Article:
NFL Proposal Would See Players Sit Out Part Of 18-Game Schedule
Conversations around an 18-game schedule among NFL owners have "approached a new level of creativity ... with the possibilities including expanded rosters and mandating players only participate in a certain number of games," according to sources cited by Andrew Beaton of the WALL STREET JOURNAL. One idea owners have proposed is "limiting players to 16 games, to assuage health and safety concerns." That would mean even if the Chiefs played 18 games, QB Patrick Mahomes "would play in just 16 of them." The four-game preseason schedule "becomes more of a caricature every year, with star players sitting out and fans chafing at spending big bucks to see meaningless games." Swapping two of those for two more regular-season weeks "could be a boon." A source said that players view the proposal in which they would have to sit games as "unrealistic because key players would be unwilling to ride the bench when the stakes are so high." Another bargaining sessions is "scheduled for next week" (WALL STREET JOURNAL, 7/12).
INTENT TO REACH NEW DEAL: NFL Commissioner Roger Goodell said reaching a new CBA deal by the start of the ’19 season is “certainly our intent.” He said the current CBA has “worked very well, mainly for our fans, but also for our players and our clubs." Goodell: "We have the structure of a system that works quite well. We’re continuing that dialogue. There are obviously changes we want on both sides.” On the issue of the potential 18-game season and the safety implications, he said, “We always talk about, ‘How do we restructure our season?’ … The steps we’ve made to make our game safer and better have worked tremendously well in collaboration with our players. … We had a 30% reduction in concussions last year” (CNBC.com, 7/11).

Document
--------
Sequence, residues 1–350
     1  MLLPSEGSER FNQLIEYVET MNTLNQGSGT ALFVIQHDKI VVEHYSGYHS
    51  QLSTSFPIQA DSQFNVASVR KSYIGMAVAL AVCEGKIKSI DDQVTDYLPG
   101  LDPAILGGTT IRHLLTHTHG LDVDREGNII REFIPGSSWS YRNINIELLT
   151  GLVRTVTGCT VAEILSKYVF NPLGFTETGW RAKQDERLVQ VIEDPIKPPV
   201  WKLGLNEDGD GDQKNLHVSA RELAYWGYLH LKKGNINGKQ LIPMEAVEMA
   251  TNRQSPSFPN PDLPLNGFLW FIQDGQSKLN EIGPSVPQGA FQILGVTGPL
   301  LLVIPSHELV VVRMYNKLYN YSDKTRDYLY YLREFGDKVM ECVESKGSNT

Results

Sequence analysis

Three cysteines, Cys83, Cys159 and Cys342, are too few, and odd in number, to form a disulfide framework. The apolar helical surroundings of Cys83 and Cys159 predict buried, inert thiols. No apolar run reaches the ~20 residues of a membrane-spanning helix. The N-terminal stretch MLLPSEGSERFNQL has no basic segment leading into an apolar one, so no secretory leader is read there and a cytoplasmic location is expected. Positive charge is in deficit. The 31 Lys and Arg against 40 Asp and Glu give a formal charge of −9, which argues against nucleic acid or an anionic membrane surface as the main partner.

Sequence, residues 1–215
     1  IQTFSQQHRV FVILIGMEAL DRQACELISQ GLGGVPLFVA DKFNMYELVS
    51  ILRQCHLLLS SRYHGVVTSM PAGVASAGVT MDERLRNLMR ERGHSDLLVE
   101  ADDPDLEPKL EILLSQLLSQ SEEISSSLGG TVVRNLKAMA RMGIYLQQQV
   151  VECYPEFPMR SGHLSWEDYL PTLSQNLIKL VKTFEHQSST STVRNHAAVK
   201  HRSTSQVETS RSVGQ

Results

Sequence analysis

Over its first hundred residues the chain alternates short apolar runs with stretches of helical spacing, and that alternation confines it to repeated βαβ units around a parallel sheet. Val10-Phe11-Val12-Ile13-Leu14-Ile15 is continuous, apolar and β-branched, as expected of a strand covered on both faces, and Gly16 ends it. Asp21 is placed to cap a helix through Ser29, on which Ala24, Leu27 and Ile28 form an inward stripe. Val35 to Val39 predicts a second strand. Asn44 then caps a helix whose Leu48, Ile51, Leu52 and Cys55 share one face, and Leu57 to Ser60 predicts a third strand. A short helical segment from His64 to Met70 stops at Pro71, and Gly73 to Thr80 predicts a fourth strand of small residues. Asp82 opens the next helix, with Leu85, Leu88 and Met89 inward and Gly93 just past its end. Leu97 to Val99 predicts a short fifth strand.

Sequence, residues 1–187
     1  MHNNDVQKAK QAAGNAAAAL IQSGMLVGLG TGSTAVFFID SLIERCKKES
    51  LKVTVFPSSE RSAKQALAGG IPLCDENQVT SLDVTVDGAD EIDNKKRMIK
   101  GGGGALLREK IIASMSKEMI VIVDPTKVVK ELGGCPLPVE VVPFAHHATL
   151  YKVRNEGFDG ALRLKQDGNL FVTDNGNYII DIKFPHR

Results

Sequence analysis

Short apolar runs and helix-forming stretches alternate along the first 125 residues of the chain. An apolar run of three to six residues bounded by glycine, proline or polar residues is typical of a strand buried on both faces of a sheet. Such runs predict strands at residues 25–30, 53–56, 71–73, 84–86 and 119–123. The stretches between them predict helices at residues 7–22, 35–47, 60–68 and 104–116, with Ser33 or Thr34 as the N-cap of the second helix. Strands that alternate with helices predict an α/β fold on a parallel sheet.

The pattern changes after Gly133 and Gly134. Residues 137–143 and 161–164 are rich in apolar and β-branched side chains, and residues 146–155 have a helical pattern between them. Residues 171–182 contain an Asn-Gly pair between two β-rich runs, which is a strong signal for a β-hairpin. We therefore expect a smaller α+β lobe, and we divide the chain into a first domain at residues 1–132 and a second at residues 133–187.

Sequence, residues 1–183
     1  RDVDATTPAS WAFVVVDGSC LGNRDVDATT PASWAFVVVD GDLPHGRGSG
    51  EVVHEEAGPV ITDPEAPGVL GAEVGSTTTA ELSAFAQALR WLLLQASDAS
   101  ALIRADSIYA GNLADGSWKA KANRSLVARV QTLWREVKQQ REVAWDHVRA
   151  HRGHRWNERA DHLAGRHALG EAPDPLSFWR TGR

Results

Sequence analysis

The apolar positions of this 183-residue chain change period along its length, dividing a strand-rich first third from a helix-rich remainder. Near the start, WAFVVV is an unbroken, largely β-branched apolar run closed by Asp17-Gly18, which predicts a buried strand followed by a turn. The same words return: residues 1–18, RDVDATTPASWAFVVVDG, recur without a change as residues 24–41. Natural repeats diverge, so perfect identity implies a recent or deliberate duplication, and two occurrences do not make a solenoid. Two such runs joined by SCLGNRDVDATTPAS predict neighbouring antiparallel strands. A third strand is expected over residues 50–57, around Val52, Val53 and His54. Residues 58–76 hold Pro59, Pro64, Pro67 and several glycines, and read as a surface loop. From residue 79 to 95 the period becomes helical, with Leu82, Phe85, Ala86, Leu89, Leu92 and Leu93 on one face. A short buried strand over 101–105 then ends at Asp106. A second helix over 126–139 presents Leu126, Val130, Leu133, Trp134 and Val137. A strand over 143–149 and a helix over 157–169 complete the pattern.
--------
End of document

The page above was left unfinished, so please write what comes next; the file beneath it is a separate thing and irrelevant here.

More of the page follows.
OFFICIAL TIMEOUT: ESPN.com's Kevin Seifert cited sources as saying that the NFL has put its full-time officials program "on hold" as part of ongoing labor talks with the NFL Referees Association. Barring a turn in negotiations, the decision means the NFL will "revert to its previous structure of using a full roster of officials whose employment status is part-time." The move represents a "step backward for coaches, players and fans who have implored the NFL to use every means available to improve its officiating" (ESPN.com, 7/11).